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The body of the essay you are commenting on appears below. Certain features, such as the navigation, are not supported in this preview. I might someday fix that. Or not.

Hacking httpRange-14.

In real life, unlike in Shakespeare, the sweetness of the rose depends upon the name it bears. Things are not only what they are. They are, in very important respects, what they seem to be.

Hubert H. Humphrey

Semantic web enthusiasts among my readers will have encountered the “hash vs. slash” debate, perhaps most famously in the TAG's attempt to resolve the range of HTTP: URIs.

When I first started this weblog, I knew it was going to be built on top of a semantic web framework, not out of any fervent belief that it's the future, but out of the conviction that I won't be able to say whether or not I think it's the future if I don't try it out.

I also knew about the hash vs. slash debate.

While I was never entirely convinced by the arguments of the “anti-slash” camp, I decided to simply avoid the issue by using a hash. There's never been any argument about hashed URIs, only slashed ones. As a result, the identifier for me, my physical person, became:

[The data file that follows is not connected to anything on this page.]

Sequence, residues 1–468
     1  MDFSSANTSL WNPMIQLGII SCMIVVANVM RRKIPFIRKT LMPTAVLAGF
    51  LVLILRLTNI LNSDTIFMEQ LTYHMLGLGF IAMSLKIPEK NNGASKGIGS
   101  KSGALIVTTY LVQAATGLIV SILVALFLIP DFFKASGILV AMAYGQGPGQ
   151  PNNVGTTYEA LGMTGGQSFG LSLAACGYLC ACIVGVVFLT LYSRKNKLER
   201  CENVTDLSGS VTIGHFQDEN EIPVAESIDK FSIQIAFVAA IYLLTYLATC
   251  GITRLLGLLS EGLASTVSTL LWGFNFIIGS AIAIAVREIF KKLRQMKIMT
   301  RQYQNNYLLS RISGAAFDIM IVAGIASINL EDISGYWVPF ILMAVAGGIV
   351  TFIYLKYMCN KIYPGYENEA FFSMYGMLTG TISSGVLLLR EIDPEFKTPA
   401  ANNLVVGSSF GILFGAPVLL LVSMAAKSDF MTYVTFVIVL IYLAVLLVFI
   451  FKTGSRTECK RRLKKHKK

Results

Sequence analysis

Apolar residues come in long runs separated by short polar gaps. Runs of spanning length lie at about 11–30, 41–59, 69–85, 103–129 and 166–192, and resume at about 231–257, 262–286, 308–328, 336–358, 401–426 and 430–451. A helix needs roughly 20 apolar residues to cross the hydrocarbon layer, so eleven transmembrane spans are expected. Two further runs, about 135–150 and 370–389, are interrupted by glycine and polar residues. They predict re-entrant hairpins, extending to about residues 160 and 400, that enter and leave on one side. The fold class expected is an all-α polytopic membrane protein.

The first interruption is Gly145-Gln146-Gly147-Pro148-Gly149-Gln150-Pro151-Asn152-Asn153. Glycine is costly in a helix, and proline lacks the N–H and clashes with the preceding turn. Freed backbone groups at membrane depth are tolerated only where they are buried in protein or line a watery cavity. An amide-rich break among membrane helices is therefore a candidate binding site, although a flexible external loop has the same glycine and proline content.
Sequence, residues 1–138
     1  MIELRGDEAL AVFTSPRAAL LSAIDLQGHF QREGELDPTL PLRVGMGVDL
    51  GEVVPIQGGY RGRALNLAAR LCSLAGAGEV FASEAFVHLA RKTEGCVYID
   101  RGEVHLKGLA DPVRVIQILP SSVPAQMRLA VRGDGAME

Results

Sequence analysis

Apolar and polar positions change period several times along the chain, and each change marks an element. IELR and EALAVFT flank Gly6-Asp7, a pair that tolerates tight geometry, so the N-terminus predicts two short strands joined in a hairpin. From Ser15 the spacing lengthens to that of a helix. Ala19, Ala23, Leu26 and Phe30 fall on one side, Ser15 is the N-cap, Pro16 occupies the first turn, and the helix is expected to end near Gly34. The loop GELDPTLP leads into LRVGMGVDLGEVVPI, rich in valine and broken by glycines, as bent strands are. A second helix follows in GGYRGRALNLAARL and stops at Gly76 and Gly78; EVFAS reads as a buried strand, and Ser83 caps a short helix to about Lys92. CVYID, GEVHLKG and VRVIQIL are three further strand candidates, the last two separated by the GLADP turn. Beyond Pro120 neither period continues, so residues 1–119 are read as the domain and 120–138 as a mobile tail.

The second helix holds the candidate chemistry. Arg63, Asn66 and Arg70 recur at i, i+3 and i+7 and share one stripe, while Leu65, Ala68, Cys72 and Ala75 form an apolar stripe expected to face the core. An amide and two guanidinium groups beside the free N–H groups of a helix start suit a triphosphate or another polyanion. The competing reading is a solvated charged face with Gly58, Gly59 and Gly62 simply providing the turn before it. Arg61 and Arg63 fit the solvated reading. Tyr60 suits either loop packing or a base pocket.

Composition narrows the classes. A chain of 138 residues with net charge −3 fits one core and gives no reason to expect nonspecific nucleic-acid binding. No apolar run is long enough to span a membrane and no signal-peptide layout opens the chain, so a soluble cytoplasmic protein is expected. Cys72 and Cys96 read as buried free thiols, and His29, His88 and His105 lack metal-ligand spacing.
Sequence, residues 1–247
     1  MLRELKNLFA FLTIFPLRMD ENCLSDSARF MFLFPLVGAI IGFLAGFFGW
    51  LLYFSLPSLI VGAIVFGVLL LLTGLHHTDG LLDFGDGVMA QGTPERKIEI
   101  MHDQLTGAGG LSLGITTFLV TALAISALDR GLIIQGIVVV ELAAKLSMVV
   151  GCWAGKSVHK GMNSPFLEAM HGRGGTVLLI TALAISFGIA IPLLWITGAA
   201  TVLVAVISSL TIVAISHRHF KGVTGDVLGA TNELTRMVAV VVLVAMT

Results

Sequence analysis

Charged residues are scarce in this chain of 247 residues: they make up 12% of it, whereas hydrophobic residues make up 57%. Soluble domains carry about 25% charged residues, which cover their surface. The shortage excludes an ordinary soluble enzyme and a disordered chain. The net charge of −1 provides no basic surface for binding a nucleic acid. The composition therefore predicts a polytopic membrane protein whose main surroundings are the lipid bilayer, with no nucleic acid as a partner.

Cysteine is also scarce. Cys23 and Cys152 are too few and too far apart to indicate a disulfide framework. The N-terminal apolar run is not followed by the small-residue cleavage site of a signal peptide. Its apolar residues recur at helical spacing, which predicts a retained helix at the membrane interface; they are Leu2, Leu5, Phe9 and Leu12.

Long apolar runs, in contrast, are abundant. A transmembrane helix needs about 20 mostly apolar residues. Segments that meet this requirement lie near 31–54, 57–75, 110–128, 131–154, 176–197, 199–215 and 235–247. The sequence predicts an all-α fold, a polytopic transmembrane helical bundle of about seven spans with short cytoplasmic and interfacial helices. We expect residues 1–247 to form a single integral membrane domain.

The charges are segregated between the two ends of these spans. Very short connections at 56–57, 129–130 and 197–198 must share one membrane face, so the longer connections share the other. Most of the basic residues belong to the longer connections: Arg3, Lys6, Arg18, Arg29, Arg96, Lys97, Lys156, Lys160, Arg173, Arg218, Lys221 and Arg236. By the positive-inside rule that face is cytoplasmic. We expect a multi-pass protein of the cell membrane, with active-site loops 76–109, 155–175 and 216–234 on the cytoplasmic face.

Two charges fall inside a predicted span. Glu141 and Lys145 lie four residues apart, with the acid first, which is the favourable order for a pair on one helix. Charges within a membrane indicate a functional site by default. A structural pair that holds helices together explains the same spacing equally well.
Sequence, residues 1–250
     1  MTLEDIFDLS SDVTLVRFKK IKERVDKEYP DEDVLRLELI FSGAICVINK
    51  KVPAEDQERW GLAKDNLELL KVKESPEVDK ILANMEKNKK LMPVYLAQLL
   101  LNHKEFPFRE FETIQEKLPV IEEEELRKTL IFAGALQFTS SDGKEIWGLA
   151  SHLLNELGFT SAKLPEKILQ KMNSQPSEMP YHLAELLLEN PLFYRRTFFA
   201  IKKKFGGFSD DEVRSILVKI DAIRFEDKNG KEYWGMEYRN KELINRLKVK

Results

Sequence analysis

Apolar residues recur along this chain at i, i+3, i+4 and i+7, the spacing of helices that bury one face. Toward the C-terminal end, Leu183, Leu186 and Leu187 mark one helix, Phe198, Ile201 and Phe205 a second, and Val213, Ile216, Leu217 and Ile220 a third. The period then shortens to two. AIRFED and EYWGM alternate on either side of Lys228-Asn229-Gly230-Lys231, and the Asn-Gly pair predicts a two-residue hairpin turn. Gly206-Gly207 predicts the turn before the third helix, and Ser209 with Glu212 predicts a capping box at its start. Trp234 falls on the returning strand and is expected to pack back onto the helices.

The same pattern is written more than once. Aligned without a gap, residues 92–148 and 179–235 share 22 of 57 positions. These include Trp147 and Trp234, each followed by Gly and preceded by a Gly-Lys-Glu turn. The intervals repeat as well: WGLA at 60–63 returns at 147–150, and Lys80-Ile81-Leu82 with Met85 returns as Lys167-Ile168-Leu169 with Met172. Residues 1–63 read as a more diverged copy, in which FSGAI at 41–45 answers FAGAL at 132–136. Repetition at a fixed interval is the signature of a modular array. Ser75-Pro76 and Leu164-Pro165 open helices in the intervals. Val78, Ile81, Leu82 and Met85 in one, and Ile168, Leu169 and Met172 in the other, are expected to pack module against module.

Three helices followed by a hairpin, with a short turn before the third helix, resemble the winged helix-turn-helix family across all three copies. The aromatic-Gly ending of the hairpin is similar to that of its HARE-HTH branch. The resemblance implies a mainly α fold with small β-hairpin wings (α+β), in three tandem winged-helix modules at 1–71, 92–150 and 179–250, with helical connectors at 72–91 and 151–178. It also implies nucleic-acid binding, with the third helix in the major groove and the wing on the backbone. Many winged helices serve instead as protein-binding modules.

As time passed, this had a practical consequence. If you dereferenced that URI, the server would send you the whole “who” file that contained all the metadata about everyone. That file got to be big.

I ignored this problem as long as I could, simply living with the inconvenience, but when I decided to support “link groups” I faced a real hurdle.

The obvious URI for the “link group” about me is the URI that identifies me. But linking to the hashed URI made following the link way too expensive to be of practical value. I could have cooked up an alternate URI for the link group, but that would effectively have been an alias. Aliases: bad.

Unable to come up with a workaround I liked, I decided it was time for a big bang: I decided to change a whole lot of URIs. Instead of using a hashed URI to identify me (and everyone and everything else), I'd use a slashed one:


In order to do this, I felt I needed to implement the TAG resolution on httpRange-14. Which I've done:

  • A GET on returns a 303 redirect to

  • The HTML at includes a link to the metadata:

      1<link rel="alternate" type="application/rdf+xml"
      2      title="Metadata" href="norman-walsh.rdf" />

    which I hope helps semantic web software find the underlying metadata.

  • That metadata in turn contains

      1<owl:sameAs rdf:resource=""/>

    which tells the semantic web agent that this URI is entirely equivalent to the former hashed URI.

Hopefully this all “just works” in every meaningful way.